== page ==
Iran cannot bring peace to Middle East without regime change

by Armin Baldwin
The Syrian Regime and its allies killed at least 70 civilians and injured thousands more in yet another chemical attack on the Syrian people, this time targeting Douma, Eastern Ghouta.
Simply, this evil regime and those who support it (i.e. Iran) are determined to wipe out the opposition, no matter who they kill in the meantime. They don’t care about a just war or international norms of warfare, they believe that the safety of civilians is nothing compared with political advantage.

One of the worst things about this is that the Bashar Assad Regime would have been defeated years ago if the Iranian Regime hadn’t spent $20 billion to prop up its fellow dictatorship. The Iranian Regime sent many terrorist militias into Syria, ostensibly to guard sacred shrines or fight ISIS, but their real task was to crush the Syrian opposition by any means necessary.

This is something that Iran is consistent with, no matter what Middle Eastern conflict they have inserted themselves into.
Abdel Aziz Aluwaisheg wrote on Arab News: “The persistent use of chemical weapons and ballistic missiles by Iran’s allies — there have been hundreds of them since 2012 — speaks volumes about Iran’s real intentions in the region. So do the activities of terrorist groups trained, funded and supplied by Iran. These actions speak louder than the carefully scripted speeches and Op-Ed essays of Iran’s diplomats, directed at Western audiences. Other Iranian politicians and Islamic Revolutionary Guard Corps leaders are usually all brass knuckles. Chest-thumping and bellicose, those leaders do not hide their delusional ambitions to control the region, by whatever means necessary.”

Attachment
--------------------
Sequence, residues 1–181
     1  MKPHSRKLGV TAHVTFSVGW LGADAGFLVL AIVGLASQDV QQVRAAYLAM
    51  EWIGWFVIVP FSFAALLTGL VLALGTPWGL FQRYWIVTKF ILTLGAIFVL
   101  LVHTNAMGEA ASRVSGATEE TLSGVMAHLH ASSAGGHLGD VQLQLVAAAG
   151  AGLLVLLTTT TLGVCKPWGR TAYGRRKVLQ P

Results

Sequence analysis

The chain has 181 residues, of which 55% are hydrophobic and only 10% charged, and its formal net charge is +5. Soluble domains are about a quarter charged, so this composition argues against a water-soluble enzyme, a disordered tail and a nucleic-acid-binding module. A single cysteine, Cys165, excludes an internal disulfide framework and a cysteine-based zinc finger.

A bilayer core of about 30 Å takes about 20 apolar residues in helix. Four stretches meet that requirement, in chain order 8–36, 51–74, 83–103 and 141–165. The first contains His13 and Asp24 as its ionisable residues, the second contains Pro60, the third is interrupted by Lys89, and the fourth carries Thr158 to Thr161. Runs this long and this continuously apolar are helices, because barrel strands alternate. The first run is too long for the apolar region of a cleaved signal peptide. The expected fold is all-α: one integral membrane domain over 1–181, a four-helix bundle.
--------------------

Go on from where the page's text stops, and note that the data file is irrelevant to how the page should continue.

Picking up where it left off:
This is true. Iranian Foreign Minister Mohammed Javad Zarif recently wrote an op-ed about peace and security in the Middle East, but could not say how Iran could achieve that. He also didn’t mention how Iran is responsible for most of the conflict in the region through its support of terrorist militias and its interference in the affairs of nation states.

There is a massive contrast between Iran’s words and its deeds in the Middle East, which is why many regional observers do not trust Iran to bring peace. In 2016, the Gulf Cooperation Council proposed that if Iran wanted to work with with the rest of the region, that it would need to first commit to three basic principles of international law:
1.publicly commit to the UN Charter’s provisions on state sovereignty
2.refrain from inciting or exploiting sectarian differences
3.refrain from interfering or trying to export their own political systems to their neighbours
This shouldn’t have been a hard thing for Iran to do, but they have not even responded to the GCC
Of course, after almost 40 years of this regime, the rest of the world shouldn’t expect that any sort of internal reform is possible. In fact, the only hope for peace in the Middle East is if the Iranian people can impose regime change and remove their rulers from power.